What would happen was I’d be planning to go up the stairs inside my house.  But before I could step onto the first step, I was confronted.  There was a shadow that came out of the corner leading to the first step, and I had to fight it if I wanted to ascend the stairs.  The setting of my dream was always a weekend, in bright daylight, during the middle of the day.  My family would walk by me, up and down the stairs, without acknowledging, or helping me.  I was too busy fighting the shadow that I absolutely no remaining time or energy to ask for help.  I would fight this shadow over and over again, and I was always able to just barely hang on, but I could never defeat it.  I felt as if my efforts were being stressed to their absolute maximum potential, yet I could never manage to fight this shadow.  No matter how much effort I put in, the dark shadow put in the exact same amount, and kept me from going up the stairs.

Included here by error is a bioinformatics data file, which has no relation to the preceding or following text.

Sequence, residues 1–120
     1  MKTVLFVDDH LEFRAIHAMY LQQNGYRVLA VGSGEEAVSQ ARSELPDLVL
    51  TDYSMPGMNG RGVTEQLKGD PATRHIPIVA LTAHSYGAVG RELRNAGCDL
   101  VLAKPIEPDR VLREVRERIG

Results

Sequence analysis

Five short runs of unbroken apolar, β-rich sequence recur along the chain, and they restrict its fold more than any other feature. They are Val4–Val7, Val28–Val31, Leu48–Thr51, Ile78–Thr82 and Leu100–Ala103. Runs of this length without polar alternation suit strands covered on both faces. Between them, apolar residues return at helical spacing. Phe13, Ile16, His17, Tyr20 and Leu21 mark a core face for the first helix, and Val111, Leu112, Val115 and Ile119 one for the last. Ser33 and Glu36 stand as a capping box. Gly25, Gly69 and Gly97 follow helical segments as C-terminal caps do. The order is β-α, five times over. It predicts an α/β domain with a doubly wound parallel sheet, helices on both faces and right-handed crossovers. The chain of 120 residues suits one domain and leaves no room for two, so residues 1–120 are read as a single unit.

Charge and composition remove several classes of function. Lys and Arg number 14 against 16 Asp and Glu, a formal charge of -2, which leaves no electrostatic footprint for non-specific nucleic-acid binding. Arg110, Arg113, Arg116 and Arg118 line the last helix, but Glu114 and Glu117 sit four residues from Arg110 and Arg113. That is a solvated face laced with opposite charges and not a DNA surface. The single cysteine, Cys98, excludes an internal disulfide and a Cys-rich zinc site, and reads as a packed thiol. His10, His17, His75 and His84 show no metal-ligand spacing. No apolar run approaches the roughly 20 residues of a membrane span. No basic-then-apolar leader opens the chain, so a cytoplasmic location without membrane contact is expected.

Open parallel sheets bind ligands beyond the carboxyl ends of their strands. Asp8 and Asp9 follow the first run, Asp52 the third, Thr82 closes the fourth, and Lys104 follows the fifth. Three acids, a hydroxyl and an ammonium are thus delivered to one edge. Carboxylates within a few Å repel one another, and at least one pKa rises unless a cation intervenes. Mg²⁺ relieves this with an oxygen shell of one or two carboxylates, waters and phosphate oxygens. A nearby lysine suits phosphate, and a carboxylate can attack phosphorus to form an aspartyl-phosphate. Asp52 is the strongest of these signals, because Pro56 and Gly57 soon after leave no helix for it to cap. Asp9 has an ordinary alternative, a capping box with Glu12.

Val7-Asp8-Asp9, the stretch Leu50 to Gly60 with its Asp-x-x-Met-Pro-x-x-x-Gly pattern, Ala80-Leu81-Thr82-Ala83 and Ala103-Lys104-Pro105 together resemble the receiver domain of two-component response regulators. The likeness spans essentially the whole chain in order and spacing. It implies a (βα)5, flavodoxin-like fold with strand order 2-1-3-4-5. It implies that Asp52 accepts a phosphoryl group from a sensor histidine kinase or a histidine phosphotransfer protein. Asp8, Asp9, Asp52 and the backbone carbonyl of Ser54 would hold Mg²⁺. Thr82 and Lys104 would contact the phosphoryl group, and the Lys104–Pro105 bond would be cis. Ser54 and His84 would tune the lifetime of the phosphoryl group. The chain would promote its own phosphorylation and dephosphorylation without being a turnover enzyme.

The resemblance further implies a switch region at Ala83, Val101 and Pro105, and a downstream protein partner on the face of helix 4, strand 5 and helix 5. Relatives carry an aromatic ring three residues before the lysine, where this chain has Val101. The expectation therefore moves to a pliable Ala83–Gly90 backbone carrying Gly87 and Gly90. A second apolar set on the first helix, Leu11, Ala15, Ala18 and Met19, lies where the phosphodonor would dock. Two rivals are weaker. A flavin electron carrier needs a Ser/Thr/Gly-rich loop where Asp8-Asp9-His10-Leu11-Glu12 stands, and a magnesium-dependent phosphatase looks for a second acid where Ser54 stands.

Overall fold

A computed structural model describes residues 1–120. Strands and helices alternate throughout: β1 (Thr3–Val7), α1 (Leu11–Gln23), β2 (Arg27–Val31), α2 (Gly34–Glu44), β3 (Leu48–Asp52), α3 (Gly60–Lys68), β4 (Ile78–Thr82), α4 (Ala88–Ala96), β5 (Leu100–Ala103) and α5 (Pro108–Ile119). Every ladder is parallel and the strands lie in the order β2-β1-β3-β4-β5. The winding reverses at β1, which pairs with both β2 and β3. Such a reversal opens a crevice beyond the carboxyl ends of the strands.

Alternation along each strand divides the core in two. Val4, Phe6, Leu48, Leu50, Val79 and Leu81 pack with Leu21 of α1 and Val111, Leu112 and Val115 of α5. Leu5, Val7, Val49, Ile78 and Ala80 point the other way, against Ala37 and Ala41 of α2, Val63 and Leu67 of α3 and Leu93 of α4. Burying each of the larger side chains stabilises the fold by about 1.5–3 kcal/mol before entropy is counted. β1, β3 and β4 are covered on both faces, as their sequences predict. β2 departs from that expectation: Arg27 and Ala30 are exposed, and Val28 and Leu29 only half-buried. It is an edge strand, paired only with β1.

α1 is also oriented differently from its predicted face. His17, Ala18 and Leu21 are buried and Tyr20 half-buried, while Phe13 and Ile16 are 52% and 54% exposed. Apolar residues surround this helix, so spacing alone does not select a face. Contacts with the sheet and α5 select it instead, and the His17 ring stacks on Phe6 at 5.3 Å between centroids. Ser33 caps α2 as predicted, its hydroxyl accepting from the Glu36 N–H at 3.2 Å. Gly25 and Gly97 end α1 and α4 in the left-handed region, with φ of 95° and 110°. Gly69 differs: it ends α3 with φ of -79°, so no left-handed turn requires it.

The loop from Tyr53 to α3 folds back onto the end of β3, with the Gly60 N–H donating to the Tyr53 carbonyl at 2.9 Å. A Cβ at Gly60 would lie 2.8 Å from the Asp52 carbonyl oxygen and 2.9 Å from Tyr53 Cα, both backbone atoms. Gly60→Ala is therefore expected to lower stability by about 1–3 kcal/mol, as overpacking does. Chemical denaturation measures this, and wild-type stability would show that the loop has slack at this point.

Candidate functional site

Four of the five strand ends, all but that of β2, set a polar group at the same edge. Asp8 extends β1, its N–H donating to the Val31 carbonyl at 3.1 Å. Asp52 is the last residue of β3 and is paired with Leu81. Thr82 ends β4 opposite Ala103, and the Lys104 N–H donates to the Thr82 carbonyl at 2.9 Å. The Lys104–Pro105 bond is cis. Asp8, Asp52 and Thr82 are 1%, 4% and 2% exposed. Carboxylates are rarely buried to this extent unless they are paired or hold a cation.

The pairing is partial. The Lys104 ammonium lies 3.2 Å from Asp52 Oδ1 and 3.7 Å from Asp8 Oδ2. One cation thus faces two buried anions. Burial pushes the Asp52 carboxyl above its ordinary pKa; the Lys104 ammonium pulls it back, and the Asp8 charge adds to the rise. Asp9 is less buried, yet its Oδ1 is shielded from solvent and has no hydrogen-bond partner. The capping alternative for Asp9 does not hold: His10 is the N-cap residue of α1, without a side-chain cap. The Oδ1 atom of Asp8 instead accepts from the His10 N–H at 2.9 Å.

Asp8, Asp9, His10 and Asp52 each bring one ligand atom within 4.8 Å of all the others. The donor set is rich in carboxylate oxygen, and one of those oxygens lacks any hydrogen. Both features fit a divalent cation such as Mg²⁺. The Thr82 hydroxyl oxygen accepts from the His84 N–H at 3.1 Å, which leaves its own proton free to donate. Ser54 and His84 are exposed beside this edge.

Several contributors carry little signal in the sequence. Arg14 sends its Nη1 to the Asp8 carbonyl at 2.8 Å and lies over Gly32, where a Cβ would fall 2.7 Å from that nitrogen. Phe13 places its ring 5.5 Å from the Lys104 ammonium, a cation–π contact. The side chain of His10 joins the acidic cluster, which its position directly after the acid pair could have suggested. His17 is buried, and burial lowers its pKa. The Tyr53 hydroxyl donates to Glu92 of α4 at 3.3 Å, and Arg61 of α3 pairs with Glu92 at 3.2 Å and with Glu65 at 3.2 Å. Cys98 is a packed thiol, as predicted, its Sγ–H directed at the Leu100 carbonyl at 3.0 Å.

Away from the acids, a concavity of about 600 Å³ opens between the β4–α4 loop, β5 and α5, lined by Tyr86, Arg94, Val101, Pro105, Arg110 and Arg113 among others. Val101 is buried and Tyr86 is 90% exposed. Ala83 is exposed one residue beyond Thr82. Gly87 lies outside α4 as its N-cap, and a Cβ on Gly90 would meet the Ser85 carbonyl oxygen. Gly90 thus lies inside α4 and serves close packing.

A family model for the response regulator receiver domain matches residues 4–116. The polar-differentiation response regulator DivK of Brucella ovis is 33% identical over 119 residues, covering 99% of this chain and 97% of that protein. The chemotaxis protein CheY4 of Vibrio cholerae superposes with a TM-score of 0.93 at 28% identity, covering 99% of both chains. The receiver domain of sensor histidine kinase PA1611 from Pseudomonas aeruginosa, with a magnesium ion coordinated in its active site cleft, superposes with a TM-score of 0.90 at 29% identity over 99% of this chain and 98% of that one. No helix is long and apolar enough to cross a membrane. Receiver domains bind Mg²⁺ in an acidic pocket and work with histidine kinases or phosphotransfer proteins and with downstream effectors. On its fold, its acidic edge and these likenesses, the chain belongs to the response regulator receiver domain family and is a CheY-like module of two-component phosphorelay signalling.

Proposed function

Eventually and suddenly, I would not be there anymore.  I was on the side of a stream with a strong current.  These two dreams always followed each other, and they would recur almost once a month during a certain period of my life.  Once I was at the stream, I always touched the water to see how strong the current was.  I remember thinking about what would happen if I was pulled in by the current.  Where would I go? Where would it lead me to?  Every time, I would come closer and closer to falling into the stream, and then suddenly, I’d end up back at the corner of the wall, for just a split second, before I woke up crying, and went to see my parents.

I must have had these exact two dreams at least twenty times, until one time, it didn’t end the same.  I went to the stream, like usual, but this time I put in my hand too far, and the stream pulled me in.  I was carried quicker and quicker by the accelerating stream.  I passed by rocks, that scraped against my body and were ripping and tearing my skin apart.  The stream continued destroying my entire body, until I died.  I remember dying, which always seemed strange to me.  Afterwards, I slowly and peacefully woke up.  This time however, I wasn’t crying, I was actually very calm.  I had accepted that I died.